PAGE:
• 131. Discussion — Choosing the pnj ’sNear-reality scenarioThe following splitting scheme is iteratively repeated at each node: 1 Select at random Mn candidate coordinates to split on. 2 For each of the Mn elected coordinates, calculate the best split. 3 Select the coordinate which outputs the best within-node sum of squares decrease, and cut.ConclusionFor j ∈ S, 1 pnj ≈ 1 + ξnj , Swhere ξnj → 0 and satisfies the constraint ξnj log n → 0 as n tends toinfinity, provided kn log n/n → 0, Mn → ∞ and Mn / log n → ∞. G. Biau (UPMC) 73 / 106
  • 132. Discussion — Choosing the pnj ’sNear-reality scenarioThe following splitting scheme is iteratively repeated at each node: 1 Select at random Mn candidate coordinates to split on. 2 For each of the Mn elected coordinates, calculate the best split. 3 Select the coordinate which outputs the best within-node sum of squares decrease, and cut.ConclusionFor j ∈ S, 1 pnj ≈ 1 + ξnj , Swhere ξnj → 0 and satisfies the constraint ξnj log n → 0 as n tends toinfinity, provided kn log n/n → 0, Mn → ∞ and Mn / log n → ∞. G. Biau (UPMC) 73 / 106
  • 133. Discussion — Choosing the pnj ’sNear-reality scenarioThe following splitting scheme is iteratively repeated at each node: 1 Select at random Mn candidate coordinates to split on. 2 For each of the Mn elected coordinates, calculate the best split. 3 Select the coordinate which outputs the best within-node sum of squares decrease, and cut.ConclusionFor j ∈ S, 1 pnj ≈ 1 + ξnj , Swhere ξnj → 0 and satisfies the constraint ξnj log n → 0 as n tends toinfinity, provided kn log n/n → 0, Mn → ∞ and Mn / log n → ∞. G. Biau (UPMC) 73 / 106
  • 134. Outline1 Setting2 A random forests model3 Layered nearest neighbors and random forests G. Biau (UPMC) 74 / 106
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  • 159. Layered Nearest NeighborsDefinitionLet X1 , . . . , Xn be a sample of i.i.d. random vectors in Rd , d ≥ 2. Anobservation Xi is said to be a LNN of a point x if the hyperrectangledefined by x and Xi contains no other data points. x empty G. Biau (UPMC) 99 / 106
  • 160. What is known about Ln (x)? ... a lot when X1 , . . . , Xn are uniformly distributed over [0, 1]d . For example, 2d (log n)d−1 ELn (x) = + O (log n)d−2 (d − 1)! and (d − 1)! Ln (x) → 1 in probability as n → ∞. 2d (log n)d−1 This is the problem of maxima in random vectors (Barndorff-Nielsen and Sobel, 1966). G. Biau (UPMC) 100 / 106
  • 161. What is known about Ln (x)? ... a lot when X1 , . . . , Xn are uniformly distributed over [0, 1]d . For example, 2d (log n)d−1 ELn (x) = + O (log n)d−2 (d − 1)! and (d − 1)! Ln (x) → 1 in probability as n → ∞. 2d (log n)d−1 This is the problem of maxima in random vectors (Barndorff-Nielsen and Sobel, 1966). G. Biau (UPMC) 100 / 106
  • 162. What is known about Ln (x)? ... a lot when X1 , . . . , Xn are uniformly distributed over [0, 1]d . For example, 2d (log n)d−1 ELn (x) = + O (log n)d−2 (d − 1)! and (d − 1)! Ln (x) → 1 in probability as n → ∞. 2d (log n)d−1 This is the problem of maxima in random vectors (Barndorff-Nielsen and Sobel, 1966). G. Biau (UPMC) 100 / 106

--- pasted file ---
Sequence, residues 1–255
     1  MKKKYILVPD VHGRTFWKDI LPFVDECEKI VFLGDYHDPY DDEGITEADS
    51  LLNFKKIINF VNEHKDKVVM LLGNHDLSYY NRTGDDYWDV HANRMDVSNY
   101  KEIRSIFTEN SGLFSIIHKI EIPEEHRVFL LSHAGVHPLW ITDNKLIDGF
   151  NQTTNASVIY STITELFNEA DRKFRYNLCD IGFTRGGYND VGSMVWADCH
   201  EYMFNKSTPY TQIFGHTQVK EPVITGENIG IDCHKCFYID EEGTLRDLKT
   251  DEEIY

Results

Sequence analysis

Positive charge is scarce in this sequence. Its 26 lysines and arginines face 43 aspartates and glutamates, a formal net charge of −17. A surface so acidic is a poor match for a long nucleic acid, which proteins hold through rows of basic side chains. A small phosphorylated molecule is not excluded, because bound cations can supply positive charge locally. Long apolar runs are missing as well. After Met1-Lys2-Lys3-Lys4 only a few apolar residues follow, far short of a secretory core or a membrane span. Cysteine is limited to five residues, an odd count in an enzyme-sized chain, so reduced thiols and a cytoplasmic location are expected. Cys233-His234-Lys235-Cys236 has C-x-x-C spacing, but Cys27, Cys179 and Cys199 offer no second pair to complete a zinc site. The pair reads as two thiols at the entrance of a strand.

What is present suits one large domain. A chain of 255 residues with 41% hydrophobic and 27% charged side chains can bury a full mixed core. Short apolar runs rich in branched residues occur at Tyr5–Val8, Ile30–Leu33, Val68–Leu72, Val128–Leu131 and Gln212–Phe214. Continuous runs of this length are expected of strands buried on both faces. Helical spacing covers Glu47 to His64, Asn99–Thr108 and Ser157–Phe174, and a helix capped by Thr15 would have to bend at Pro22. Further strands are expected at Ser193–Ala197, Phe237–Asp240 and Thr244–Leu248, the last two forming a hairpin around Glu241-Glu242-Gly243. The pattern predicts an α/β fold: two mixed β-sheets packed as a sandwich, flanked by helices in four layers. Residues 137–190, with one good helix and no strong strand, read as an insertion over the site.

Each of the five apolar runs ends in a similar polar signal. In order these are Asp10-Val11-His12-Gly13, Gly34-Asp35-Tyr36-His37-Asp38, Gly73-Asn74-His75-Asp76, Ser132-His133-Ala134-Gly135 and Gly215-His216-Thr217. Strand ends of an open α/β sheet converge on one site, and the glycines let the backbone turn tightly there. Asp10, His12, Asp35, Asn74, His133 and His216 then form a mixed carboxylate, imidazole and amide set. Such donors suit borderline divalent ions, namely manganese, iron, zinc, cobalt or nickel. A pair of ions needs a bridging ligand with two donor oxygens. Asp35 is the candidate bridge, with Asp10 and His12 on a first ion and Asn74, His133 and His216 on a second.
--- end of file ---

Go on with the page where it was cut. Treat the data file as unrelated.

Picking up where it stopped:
• 163. Two results (Biau and Devroye, 2010)ModelX1 , . . . , Xn are independently distributed according to some probabilitydensity f (with probability measure µ).TheoremFor µ-almost all x ∈ Rd , one has Ln (x) → ∞ in probability as n → ∞.TheoremSuppose that f is λ-almost everywhere continuous. Then (d − 1)! ELn (x) → 1 as n → ∞, 2d (log n)d−1at µ-almost all x ∈ Rd . G. Biau (UPMC) 101 / 106
  • 164. Two results (Biau and Devroye, 2010)ModelX1 , . . . , Xn are independently distributed according to some probabilitydensity f (with probability measure µ).TheoremFor µ-almost all x ∈ Rd , one has Ln (x) → ∞ in probability as n → ∞.TheoremSuppose that f is λ-almost everywhere continuous. Then (d − 1)! ELn (x) → 1 as n → ∞, 2d (log n)d−1at µ-almost all x ∈ Rd . G. Biau (UPMC) 101 / 106
  • 165. Two results (Biau and Devroye, 2010)ModelX1 , . . . , Xn are independently distributed according to some probabilitydensity f (with probability measure µ).TheoremFor µ-almost all x ∈ Rd , one has Ln (x) → ∞ in probability as n → ∞.TheoremSuppose that f is λ-almost everywhere continuous. Then (d − 1)! ELn (x) → 1 as n → ∞, 2d (log n)d−1at µ-almost all x ∈ Rd . G. Biau (UPMC) 101 / 106
  • 166. LNN regression estimationModel(X, Y ), (X1 , Y1 ), . . . , (Xn , Yn ) are i.i.d. random vectors of Rd × R.Moreover, |Y | is bounded and X has a density.The regression function r (x) = E[Y |X = x] may be estimated by n 1 rn (x) = Yi 1[Xi ∈Ln (x)] . Ln (x) i=1 1 No smoothing parameter. 2 A scale-invariant estimate. 3 Intimately connected to Breiman’s random forests. G. Biau (UPMC) 102 / 106
  • 167. LNN regression estimationModel(X, Y ), (X1 , Y1 ), . . . , (Xn , Yn ) are i.i.d. random vectors of Rd × R.Moreover, |Y | is bounded and X has a density.The regression function r (x) = E[Y |X = x] may be estimated by n 1 rn (x) = Yi 1[Xi ∈Ln (x)] . Ln (x) i=1 1 No smoothing parameter. 2 A scale-invariant estimate. 3 Intimately connected to Breiman’s random forests. G. Biau (UPMC) 102 / 106
  • 168. LNN regression estimationModel(X, Y ), (X1 , Y1 ), . . . , (Xn , Yn ) are i.i.d. random vectors of Rd × R.Moreover, |Y | is bounded and X has a density.The regression function r (x) = E[Y |X = x] may be estimated by n 1 rn (x) = Yi 1[Xi ∈Ln (x)] . Ln (x) i=1 1 No smoothing parameter. 2 A scale-invariant estimate. 3 Intimately connected to Breiman’s random forests. G. Biau (UPMC) 102 / 106